Today was Monday; Conner had flown into Georgia last night. The actual tournament would not begin until Thursday, with a par three mini-tournament on Wednesday. Between now and then, he needed to get in as much practice as possible.
Conner winked at his caddie. “Shall we get started?”
Fitz stared at him, appalled. “You mean, you want to play golf now?”
“Isn’t that what I normally do on golf courses?”
“Matter of opinion, I suppose.” His eyebrows knitted. “You can’t play golf dressed like that.”
“And why not?” Conner asked. “All my private parts are properly covered, aren’t they?”
Fitz’s lips tightened. “Conner, when are you going to get it through your thick skull that being on the PGA tour is a big deal? You should dress in a dignified manner. Not like some . . . Polynesian hobo.”
“I like this outfit,” Conner said, touching the brim of his battered Panama hat. “I think it has panache. I think it says, ‘Here’s a man who’s at peace with himself.’ ”
“I think it says, ‘Here’s a man who’s about to be thrown off the tour.’ ”
“Don’t be absurd.”
“I’m not! You know the PGA has strict rules on decorum and appearance. They don’t even allow pros on the tour to have facial hair, for Pete’s sake. And this club has even more rules than the PGA. You can’t dress like a bum.”
“I’ll dress any damn way I want to.”
“And you can’t swear, either. That’s an automatic $250 fine.”
“Enough chatter,” Conner said, turning away. “I’m ready to hit the ball.”
Fitz pressed the heel of his hand against his forehead, as if suffering from a severe migraine. “Great. Just great. Try to remember what I told you, okay? Stance. Swing. You’re putting too much weight on your left foot. And you’re not bringing your backswing high enough.”
“Stop being such a mother hen.”
“Jack Nicklaus paid me big bucks to be a mother hen!”
“Then go cluck in his coop for a while. You’re making me crazy.”
“You were born crazy.”
Laughing, Conner poked the tee into the ground and removed a club from his bag.
Fitz grabbed his hand. “What do you think you’re doing now?”
“I’m getting a golf club. I know that must seem strange, but the ball goes farther than if I just blow on it.”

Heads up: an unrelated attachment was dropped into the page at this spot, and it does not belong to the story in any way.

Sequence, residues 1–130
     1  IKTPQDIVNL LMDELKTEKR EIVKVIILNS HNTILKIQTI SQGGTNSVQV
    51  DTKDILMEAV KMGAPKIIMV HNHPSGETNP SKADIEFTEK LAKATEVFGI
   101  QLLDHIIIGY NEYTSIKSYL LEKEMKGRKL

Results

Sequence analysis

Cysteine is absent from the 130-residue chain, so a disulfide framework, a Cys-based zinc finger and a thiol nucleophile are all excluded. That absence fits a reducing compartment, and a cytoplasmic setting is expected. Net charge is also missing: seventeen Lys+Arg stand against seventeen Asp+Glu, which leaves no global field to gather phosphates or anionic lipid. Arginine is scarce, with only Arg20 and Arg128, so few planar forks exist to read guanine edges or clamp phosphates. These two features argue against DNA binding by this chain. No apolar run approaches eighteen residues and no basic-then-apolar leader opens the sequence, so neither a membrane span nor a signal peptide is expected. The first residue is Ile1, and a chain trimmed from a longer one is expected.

“You took out a wood. You can’t use a wood on this hole.”
“I can and I will.”
“The tee markers haven’t been moved back. It’s not that far to the hole. That’s way too much power.”
“I’m warming up, okay?”
“Conner, you can’t—”
“Stop telling me what I can’t do!”
“Fitz!” Conner raised a finger.
Fitz fell silent.
“All right then.” Conner squared himself before the ball and drew in his breath, preparing to swing.
“Stance,” Fitz murmured audibly. “Swing.”
“All right, all right.” He buttoned his lip.
Conner brought back his wood and swung. The dimpled white ball soared beautifully into the air, up, up, up . . . and well over the green. The ball dropped onto the cart path, bounced over a retaining wall, and fell into the greenskeeper’s storage shed.
“Aaarghh!” Conner shouted at the top of his lungs, thrashing about with his club.
John fell to his knees, convulsed with laughter.
Conner glared at him. “And what may I ask is so damn humorous?”
John rolled on the ground, propping himself up with one arm. “What . . . do . . . you . . . think?” he said, squeezing the words out between guffaws and gasps for air. “You.”
“Damn, damn, damn.” In a sudden fit of temper, Conner whirled the wood around again and inadvertently pulverized the tee marker—which was a lovely miniature of the Augusta National clubhouse.
“I tried to tell you,” Fitz said quietly. “God knows I tried. But would you listen? Nooooo . . .”
Conner pivoted. “Fitz, I’m warning you—”
He was interrupted by the rapid advance of a short man with a whistle around his neck. “Excuse me,” the man said, puffing intermittently on his whistle. He was a bit overweight and appeared to have worked up a sweat just crossing the tee. “What do you think you’re doing?”
“Excuse me,” Conner shot back. “Who the hell are you?”
“Derwood Scott. I’m the associate tournament director.”
Conner mouthed a silent oh. Fitz looked as if he’d like to disappear into the rough.
“Mr. Cross, you are in violation of four different tournament regulations.”
“Only four? Jeez, I wasn’t even trying.”
John cleared his throat and tried to look serious. “And which four offenses would those be, sir?”
“One, his embarrassing attire. Two, his indecorous language. Three, his shockingly unprofessional conduct. Four, his destruction of club property.”
John nodded. “That does add up to four, doesn’t it? All right, officer—take him away.”
“This is not a joke!” The more insistent Derwood became, the higher his pitch became. Soon only dogs would hear him. “This is the Augusta National! We will not brook with insubordination!”
“Look,” Conner said, “why don’t we just forget this happened?”
“I don’t think so!” Derwood snapped. “First of all, you will be charged for replacement of the tee marker you destroyed.”
“Fine, that’s fair . . .”
“Second, you will receive a formal reprimand for your indecorous behavior.”
“Okay. Consider my wrist slapped.”
“Third, because you moved an immovable obstruction—the tee marker—you must take a two-stroke penalty.”
Conner’s face became fixed and stony. “What’s that?”
“You heard me. Two strokes.” He snapped his fingers at Fitz. “Write it down.”
Conner stared at the associate tournament director with dead eyes. “Let me remind you, Derwood, that I know where you live.”
“What’s that, some kind of threat?”
Conner took a step closer to him. “Yeah, some kind. The deadly kind.”